Activating Student Voice in Secondary Schools: A Few Dimensions to Explore
Over the last six months, our secondary schools have launched B.C.’s first-ever Student Community of Practice for Equity (SCOPE). Fifty-two grade eleven students, with teachers and school administration, are exploring a fundamental inquiry: What does it look like to center student voice and leadership through ongoing cycles of listening, uncovering, reimagining and, ultimately, moving forward with action? What might it entail to become a learning community with a bias towards action concerning students' voices and what matters to them? There is obviously no recipe for this work, no one way to accomplish what would be a significant change. But it does seem like there are some common elements with concomitant questions that we could and should explore.
Element 1: Develop our own convictions about what we think is really important for students and what success would look like for them. Can we articulate both a “why” (why things should change for students), and a “what” (what different might look like for students) that animates everything we do?
Element 2: Together, co-construct a common purpose towards activating student voice for deeper learning. Have we developed and co-designed a North Star that guides our own work about respecting the voices of students?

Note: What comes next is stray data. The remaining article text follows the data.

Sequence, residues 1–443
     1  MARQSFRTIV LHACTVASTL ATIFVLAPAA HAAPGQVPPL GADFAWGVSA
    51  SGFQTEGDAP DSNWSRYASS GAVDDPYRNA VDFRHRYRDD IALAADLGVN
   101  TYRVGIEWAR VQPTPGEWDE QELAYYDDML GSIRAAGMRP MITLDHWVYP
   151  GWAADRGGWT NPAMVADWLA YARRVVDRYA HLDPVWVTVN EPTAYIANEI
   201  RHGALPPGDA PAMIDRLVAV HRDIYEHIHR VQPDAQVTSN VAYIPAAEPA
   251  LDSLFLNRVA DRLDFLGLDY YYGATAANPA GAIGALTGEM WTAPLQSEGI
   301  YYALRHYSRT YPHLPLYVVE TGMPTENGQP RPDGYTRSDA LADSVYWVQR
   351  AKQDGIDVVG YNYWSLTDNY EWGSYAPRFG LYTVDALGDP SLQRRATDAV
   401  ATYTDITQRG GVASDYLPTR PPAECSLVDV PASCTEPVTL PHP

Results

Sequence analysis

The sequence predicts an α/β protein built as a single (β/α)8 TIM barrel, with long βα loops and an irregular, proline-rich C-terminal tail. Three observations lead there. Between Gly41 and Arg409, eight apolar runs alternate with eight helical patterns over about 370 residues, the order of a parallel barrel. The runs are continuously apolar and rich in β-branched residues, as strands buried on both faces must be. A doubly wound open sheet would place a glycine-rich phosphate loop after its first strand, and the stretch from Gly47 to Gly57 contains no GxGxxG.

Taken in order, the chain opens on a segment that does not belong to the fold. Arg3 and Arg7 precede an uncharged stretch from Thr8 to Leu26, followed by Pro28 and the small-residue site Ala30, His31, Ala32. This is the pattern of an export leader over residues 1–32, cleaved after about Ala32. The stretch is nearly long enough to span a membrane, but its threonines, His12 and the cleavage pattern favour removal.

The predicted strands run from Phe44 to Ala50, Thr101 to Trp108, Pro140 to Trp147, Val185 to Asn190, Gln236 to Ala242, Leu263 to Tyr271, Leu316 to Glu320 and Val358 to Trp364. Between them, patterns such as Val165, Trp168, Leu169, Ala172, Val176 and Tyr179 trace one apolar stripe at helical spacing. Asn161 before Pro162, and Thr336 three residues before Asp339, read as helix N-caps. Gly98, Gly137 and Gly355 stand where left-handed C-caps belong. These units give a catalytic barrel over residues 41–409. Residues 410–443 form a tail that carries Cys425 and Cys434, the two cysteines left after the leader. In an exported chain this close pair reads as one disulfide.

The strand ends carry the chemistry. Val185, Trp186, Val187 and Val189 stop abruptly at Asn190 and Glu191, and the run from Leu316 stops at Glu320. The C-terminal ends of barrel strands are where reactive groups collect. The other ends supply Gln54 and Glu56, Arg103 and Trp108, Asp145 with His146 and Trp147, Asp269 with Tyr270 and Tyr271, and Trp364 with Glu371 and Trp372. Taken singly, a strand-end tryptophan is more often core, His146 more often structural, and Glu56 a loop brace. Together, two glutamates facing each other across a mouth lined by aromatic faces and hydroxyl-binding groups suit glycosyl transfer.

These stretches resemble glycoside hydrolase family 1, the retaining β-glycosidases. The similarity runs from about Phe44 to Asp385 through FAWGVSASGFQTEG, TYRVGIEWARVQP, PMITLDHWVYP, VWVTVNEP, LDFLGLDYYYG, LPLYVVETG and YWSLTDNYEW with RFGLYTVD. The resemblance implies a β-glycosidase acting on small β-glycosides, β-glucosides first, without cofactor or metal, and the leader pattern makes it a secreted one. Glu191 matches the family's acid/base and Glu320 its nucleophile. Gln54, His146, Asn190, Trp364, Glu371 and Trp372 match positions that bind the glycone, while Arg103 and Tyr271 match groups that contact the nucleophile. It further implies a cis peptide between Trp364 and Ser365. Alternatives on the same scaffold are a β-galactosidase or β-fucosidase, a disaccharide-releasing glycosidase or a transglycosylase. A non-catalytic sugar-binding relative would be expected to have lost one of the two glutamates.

Element 3: As a community, start re-envisioning key schooling elements through listening leadership. Can we cultivate transformation along many of the levers that could lead to an increased importance placed on students’ voices and what matters to them (curriculum, assessment, district planning, school calendar/timetable, etc.)? With respect to each of these key elements, are we asking students and ourselves, “Could we do it in a different way?”
Element 4: Continue to build a culture of inquiry and humane continuous improvement that students inform. Are we acknowledging the nuance and complexity of this improvement cycle? Are we making and holding space for the exploration of the “below the green line” aspects of identity and relationships, aspects that are central to the process of respecting and acting upon the voices of students and what matters to them?
In moving forward with this work, we will continue to explore and act upon one very fundamental question: How can we help our students in schools clarify their visions, values, and purposes and address their own unique challenges?
GINO BONDI, ASSISTANT SUPERINTENDENT
Abbotsford School District